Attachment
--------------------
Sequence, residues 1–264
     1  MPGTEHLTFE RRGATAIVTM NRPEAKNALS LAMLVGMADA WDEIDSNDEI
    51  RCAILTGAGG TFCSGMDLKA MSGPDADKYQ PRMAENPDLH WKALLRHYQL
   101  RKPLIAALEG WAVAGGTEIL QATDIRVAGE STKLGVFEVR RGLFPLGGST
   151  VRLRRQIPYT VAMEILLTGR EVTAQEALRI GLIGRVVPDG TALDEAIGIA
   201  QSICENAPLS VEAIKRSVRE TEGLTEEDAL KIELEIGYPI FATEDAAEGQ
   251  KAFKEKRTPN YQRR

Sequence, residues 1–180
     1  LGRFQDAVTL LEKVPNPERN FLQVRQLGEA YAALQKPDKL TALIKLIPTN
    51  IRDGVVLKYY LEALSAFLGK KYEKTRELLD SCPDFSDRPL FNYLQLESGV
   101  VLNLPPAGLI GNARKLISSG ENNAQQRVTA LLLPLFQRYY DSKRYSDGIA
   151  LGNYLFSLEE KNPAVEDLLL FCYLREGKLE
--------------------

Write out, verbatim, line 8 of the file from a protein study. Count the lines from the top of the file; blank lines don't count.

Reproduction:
Sequence, residues 1–180